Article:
Peter V O'Brien
Friday 5th December 2003
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The postal operation is selling commemorative coins singly and in multiples under the coinage sale rights obtained from the Reserve Bank in 2001. It is offering 16 stamp deals.
Anyone who pays $29.95 (basically $30, but NZ Post knows a price ending in 95c will sell better than round dollars) for a coin with a $1 face value and unlimited mintage needs help unless they want a memento of the film trilogy.
The NZ Post promotion brochures were creatively over-the-top in extravagant language and a lack of important information.
"This is the coin collection of a lifetime a priceless opportunity to acquire your own mementos of one of the world's greatest cinematic achievements."
After extolling its pride in launching "an expansive coin collection" NZ Post seemed to omit a crucial fact.
The brochure said "each legal tender" coin was produced in "exquisite detail" and so on.
It failed to mention "legal tender" is notes or coins carrying Reserve Bank approval and a bank guarantee of redemption, meaning it will eventually redeem your $29.95 $1 coin for $1.
Discussion with Reserve Bank officials ascertained the coinage was approved. Governor Alan Bollard signed the documents and apparently took personal interest in the coin issue.
The bank could strain credibility with approval of unlimited commemoratives through its farm-out agreement with the state-owned postal system.
For example, and pre-NZ Post deals, there is minimal interest in my inherited seven Beehive $1 coin of 1978, nine 1974 Christchurch Commonwealth Games dollars, five Cook bi-centenary dollars and a heap of 1949 George VI crowns.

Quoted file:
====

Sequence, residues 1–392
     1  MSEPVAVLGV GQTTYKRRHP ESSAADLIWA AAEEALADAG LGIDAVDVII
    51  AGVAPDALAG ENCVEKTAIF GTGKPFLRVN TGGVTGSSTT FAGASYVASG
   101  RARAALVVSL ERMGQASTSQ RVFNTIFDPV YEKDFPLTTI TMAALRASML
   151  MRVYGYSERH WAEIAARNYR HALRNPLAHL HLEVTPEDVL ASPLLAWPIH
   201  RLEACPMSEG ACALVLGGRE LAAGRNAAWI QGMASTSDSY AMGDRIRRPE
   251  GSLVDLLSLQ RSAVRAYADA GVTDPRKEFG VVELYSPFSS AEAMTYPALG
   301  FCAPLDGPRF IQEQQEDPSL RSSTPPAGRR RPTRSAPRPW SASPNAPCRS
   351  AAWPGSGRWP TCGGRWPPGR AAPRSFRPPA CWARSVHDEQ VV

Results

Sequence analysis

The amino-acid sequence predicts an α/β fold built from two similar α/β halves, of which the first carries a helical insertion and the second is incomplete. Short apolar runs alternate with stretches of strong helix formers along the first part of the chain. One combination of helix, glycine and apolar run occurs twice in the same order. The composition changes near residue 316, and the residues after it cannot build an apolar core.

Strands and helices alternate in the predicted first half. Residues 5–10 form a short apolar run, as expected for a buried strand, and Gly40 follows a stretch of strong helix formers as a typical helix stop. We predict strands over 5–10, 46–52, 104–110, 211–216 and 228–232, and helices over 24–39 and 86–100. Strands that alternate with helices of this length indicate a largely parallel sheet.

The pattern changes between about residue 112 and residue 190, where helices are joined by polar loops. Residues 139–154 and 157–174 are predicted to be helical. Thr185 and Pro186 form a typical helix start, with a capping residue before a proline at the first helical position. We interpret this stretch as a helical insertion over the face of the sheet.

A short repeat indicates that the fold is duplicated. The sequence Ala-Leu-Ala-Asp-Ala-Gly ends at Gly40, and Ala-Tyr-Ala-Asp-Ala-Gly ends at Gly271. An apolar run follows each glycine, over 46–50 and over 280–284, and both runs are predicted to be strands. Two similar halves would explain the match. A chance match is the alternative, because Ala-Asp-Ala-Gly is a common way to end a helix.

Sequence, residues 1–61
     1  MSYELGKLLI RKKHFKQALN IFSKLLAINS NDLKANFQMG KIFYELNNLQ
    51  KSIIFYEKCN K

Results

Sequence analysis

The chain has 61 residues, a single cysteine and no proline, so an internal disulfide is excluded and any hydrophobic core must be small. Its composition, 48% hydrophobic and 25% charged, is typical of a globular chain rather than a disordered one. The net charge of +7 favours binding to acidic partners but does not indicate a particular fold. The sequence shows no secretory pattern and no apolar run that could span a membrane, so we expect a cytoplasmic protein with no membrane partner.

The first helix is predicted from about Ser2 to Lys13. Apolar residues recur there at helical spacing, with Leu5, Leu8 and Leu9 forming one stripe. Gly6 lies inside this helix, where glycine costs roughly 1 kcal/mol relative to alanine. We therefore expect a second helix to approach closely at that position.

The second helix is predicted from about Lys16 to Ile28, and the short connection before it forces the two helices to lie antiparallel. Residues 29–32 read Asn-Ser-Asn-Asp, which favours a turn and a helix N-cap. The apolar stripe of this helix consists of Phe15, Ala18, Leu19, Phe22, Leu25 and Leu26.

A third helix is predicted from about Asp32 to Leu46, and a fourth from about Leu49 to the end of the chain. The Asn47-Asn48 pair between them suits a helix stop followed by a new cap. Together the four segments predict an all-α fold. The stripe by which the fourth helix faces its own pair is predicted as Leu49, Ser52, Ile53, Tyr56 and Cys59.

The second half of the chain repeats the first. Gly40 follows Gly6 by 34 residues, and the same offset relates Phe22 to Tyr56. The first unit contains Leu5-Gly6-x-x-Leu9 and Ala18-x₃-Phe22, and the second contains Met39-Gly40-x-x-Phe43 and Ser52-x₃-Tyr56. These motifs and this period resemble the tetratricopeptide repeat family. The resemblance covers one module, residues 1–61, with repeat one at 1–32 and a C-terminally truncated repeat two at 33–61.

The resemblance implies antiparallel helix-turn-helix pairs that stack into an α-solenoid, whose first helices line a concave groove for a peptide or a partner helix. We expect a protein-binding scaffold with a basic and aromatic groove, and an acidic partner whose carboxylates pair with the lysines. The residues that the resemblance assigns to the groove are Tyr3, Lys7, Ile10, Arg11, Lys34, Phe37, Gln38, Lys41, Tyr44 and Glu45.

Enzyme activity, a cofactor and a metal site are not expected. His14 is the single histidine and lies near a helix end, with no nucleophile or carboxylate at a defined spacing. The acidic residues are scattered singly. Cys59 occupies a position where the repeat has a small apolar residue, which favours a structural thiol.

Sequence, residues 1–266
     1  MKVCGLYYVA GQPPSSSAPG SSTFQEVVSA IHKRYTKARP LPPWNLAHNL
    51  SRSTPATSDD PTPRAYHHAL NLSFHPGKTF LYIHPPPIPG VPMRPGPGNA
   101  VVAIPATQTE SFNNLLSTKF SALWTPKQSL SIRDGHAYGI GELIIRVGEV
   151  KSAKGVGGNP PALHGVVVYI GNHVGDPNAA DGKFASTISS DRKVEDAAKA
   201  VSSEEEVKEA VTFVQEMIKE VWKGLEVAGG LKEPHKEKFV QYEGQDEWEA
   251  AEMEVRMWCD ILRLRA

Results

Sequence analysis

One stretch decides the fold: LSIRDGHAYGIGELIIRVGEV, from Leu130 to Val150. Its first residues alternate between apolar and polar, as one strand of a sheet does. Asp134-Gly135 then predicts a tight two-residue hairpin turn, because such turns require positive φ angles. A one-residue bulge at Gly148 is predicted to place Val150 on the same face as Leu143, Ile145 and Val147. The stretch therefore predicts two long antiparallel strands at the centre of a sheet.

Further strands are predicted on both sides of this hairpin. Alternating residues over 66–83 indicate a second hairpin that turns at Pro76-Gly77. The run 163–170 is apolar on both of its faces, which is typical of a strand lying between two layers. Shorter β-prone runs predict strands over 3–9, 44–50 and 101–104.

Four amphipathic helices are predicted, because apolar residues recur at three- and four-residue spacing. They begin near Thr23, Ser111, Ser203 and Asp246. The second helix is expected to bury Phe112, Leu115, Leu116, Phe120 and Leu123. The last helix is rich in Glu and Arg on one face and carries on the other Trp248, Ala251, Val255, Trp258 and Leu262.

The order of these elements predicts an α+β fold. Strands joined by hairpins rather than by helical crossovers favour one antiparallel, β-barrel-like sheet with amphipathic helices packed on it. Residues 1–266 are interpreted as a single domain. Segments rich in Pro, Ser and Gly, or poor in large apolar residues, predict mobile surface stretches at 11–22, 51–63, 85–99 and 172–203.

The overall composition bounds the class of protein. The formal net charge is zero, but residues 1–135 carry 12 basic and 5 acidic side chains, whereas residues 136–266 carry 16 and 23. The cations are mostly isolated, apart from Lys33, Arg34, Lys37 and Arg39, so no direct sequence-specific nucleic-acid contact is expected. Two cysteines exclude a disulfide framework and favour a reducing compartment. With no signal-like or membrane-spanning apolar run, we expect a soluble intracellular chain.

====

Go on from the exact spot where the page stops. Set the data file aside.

There is also stuff issued for royal visits of various years, which could probably be redeemed at the Reserve Bank for face value.
A lot of such material was auctioned at John Mowbray International's coin sale on November 6.
Realisations for offerings of multiple New Zealand commemorative coins in proof condition in some cases failed to justify holding the material, after accounting for inflation and lost opportunity cost over the years.
NZ Post's Lord of the Rings stamps will get attention from dealers who must keep stocks of everything emanating from a profligate stamp issuer.
It is interesting to note the occasional "errors" in New Zealand stamp issues (NBR, Nov 28). They have appeared in limited issues, sometimes in mass issues and are usually confined to a few sheets or individual stamps.
A cynic might wonder if the errors, here or overseas, were nothing more than printing accidents or oversights in releasing them to the postal markets.
Any flaws in the Lord of Rings stamps would be apparent immediately, given the relatively limited size of the commemorative issue.
That does not negate the possibility of errors.
It is no reflection on any postal service anywhere to wonder about the opportunities for skulduggery in stamp issues, given the many people who must be involved in production and distribution.
NZ Post has a good record in attempting to retrieve errors when they were discovered, but some have slipped though in recent years and command solid premiums among philatelists.
The Lord of the Rings hype will probably ensure success for the commemorative coins and stamp issues.
Nobody should get involved in the unlimited mintage coins if they are seeking a long-term, appreciating investment.
Their eventual heirs might do no better than going to the Reserve Bank for face value redemption.
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